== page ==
Systemic review showed no (haemoptysis, fever, rigors, heartburn, orthopnea, hyperventilation nor paroxysmal nocturnal dyspnea). No history of smoking nor hypertension. On examination, vital signs were normal. No use of accessory respiratory muscles. Also, there was no (eye pallor, cyanosis, clubbing, decreased air entry, basal crepitations nor lower limb swelling). Chest X-ray was negative.
She is also a known case of chronic rhinitis which had started since puberty, controlled on Mometasone Furoate nasal spray, once daily. Her rhinitis was complicated into rhinitis medicamentosa due to the frequent use of Xylometazoline nasal drops. She is also a case of mild atopic dermatitis, subclinical hypothyroidism and vitamin D deficiency.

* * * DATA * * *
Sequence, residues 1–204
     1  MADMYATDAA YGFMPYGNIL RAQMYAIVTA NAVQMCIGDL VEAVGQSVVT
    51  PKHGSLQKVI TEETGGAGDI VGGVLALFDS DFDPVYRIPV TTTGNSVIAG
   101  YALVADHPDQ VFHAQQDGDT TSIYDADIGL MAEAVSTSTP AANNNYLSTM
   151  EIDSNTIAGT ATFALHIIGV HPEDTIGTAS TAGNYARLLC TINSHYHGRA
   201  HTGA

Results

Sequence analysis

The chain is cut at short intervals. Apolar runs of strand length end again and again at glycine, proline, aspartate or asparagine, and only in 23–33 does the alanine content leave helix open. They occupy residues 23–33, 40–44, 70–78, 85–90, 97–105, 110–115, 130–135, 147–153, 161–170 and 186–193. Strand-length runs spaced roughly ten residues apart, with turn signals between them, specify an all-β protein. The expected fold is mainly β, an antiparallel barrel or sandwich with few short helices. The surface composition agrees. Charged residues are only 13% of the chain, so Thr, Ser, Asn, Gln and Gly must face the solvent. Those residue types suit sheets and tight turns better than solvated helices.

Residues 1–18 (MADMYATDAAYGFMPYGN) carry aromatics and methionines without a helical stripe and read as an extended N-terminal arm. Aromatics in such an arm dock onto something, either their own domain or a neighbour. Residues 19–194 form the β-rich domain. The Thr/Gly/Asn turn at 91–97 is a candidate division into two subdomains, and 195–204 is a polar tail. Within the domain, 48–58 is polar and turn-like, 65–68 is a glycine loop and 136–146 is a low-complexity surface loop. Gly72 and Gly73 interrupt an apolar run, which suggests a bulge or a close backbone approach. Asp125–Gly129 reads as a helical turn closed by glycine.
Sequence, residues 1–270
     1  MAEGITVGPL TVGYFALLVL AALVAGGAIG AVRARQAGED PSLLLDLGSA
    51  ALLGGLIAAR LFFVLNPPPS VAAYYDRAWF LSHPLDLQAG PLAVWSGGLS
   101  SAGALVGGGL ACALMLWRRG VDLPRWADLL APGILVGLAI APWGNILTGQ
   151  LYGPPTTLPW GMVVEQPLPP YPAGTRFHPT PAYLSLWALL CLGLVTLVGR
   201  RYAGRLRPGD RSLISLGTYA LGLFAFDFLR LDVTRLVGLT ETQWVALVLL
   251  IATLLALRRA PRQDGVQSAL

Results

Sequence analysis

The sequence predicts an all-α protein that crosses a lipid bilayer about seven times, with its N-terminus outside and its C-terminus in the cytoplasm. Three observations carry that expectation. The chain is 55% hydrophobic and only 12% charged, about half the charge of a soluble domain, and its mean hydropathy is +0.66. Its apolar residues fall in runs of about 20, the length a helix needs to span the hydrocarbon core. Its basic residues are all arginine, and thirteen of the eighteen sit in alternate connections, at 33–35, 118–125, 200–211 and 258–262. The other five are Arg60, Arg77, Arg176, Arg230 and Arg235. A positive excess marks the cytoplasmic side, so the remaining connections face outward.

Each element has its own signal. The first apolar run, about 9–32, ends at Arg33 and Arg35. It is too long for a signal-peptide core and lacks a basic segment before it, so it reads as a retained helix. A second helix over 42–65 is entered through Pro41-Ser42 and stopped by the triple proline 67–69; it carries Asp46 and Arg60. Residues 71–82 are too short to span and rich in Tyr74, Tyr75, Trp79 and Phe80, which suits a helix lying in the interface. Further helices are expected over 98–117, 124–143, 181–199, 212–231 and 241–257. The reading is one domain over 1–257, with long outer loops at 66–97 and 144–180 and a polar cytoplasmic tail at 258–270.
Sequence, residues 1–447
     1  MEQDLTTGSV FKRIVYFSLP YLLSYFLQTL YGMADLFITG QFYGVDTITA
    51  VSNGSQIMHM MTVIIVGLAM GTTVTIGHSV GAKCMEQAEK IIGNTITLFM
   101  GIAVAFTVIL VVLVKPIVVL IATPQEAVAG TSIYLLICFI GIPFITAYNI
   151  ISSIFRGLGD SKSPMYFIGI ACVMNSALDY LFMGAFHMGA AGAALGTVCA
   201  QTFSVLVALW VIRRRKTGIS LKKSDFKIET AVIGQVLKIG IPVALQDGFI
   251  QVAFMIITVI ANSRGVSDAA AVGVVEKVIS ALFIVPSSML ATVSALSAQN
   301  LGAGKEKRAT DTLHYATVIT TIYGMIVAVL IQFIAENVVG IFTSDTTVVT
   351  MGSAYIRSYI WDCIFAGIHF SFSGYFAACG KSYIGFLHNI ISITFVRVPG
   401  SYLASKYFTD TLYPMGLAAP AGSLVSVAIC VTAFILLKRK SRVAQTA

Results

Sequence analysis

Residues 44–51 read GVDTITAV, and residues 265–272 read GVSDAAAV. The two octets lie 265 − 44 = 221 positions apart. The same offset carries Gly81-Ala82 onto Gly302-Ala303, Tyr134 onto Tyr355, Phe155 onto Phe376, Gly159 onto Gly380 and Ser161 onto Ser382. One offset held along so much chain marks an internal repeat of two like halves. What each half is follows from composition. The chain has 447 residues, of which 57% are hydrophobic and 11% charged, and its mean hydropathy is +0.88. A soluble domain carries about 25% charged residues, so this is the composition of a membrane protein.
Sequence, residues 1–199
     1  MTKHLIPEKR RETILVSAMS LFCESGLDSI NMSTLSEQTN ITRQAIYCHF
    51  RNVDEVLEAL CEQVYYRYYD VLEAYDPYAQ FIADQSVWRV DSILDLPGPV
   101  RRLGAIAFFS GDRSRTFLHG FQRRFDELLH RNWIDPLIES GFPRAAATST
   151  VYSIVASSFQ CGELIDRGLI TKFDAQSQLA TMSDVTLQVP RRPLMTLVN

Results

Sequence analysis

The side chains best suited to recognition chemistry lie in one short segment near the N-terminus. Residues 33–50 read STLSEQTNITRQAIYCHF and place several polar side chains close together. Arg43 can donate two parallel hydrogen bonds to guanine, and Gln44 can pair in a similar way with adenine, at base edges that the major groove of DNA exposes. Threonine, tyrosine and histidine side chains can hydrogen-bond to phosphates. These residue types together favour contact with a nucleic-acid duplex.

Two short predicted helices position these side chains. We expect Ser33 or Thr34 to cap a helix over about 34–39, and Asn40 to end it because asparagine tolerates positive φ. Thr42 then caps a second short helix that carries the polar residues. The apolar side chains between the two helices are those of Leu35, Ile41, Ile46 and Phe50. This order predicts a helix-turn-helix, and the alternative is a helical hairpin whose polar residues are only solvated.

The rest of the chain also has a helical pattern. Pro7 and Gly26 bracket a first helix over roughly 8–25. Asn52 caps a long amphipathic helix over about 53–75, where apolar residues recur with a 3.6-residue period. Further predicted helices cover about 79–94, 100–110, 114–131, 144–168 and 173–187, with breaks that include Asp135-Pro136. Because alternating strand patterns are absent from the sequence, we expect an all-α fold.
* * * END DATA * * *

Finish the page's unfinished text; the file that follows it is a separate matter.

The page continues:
Unfortunately, five month after using Montelukast, she developed a recurrent itching and skin rash which disappeared after stopping Montelukast. Re-exposure to Montelukast within two months caused an immediate lip swelling, skin rash and shortness of breath. Montelukast was stopped and Chlorpheniramine Maleate, 4 mg tablet was prescribed to control her allergic symptoms.
Subsequently, her asthma symptoms control deteriorated after stopping the Montelukast. An alternative manufacturer for Montelukast such as (Romilast®) Zafirlukast is a good option to try but unfortunately it’s not available in the market of Saudi. Then, she was referred from her family physician to the allergy clinic for a proper asthma control.